‘Point Blank’ – Lee Marvin’s neo-noir quest on Criterion Channel

Lee Marvin in the 1967 neo-noir crime drama from director John Boorman

John Boorman had only one feature to his credit, the rock and roll lark Catch Us If You Can with the Dave Clark Five, when he came to Hollywood to direct the one-of-kind thriller Point Blank (1967).

Boorman’s film, based on Richard Stark’s novel “The Hunter,” shuffles the story of a gunman named Walker (Lee Marvin), who is double crossed by his partner in crime and returns (seemingly from the dead) for revenge, into a surreal, abstracted crime drama, splintered with short, sharp shards of memory and driven by an unstoppable sentinel who may be more than flesh and blood. Marvin is enigmatic, to say the least, as he tracks down his unfaithful, guilt-ridden wife, his wife’s sister (Angie Dickinson), the old pal who betrayed him (John Vernon), and finally the syndicate bigwigs, all just to get his due: “I want my ninety-three grand.”

Boorman views L.A. through an alienated lens, edits it more like a European art film than an American crime thriller, and fills it with offbeat, ultra-stylized scenes of violence. Keenan Wynn adds another level of remove to the film as the devil whispering in Walker’s ear, but the real whiplash comes from the corporatization of crime that Walker discovers as he shoots his way up the chain of command, just looking for someone who can pay him his money.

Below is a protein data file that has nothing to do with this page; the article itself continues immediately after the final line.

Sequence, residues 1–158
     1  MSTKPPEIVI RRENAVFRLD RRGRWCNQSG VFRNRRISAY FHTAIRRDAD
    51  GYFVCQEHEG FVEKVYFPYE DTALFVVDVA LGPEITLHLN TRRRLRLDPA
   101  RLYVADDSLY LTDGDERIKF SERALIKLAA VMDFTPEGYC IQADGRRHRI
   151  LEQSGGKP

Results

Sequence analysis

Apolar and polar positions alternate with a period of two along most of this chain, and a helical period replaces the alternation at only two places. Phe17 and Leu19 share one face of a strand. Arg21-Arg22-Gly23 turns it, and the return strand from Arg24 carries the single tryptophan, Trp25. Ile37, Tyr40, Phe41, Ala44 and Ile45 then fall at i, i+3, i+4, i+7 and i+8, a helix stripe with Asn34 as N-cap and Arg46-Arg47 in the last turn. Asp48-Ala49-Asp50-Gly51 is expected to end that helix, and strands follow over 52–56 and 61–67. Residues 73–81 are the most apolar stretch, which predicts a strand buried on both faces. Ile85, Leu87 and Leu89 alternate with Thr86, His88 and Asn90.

It was added to the National Film Registry in 2016

Not rated

Also on Blu-ray and DVD and on SVOD through Amazon Video, iTunes, GooglePlay and/or other services. Availability may vary by service.
Point Blank [Blu-ray]
Point Blank [DVD]

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On Blu-ray from Warner Archive and DVD from Warner Bros. Home Entertainment. Steven Soderbergh hosts the commentary track featuring director John Boorman, engaging Boorman in conversations about the film’s style, the use of color and camera lenses, working with Lee Marvin (who gave Boorman his complete support), and making his Hollywood debut with a film that refused to play by the studio rules. Also features the vintage promotional featurette “The Rock.”


Sean Axmaker is a Seattle film critic and writer. He writes the weekly newspaper column Stream On Demand and the companion website, and his work appears at RogerEbert.com, Turner Classic Movies online, The Film Noir Foundation, and Parallax View.

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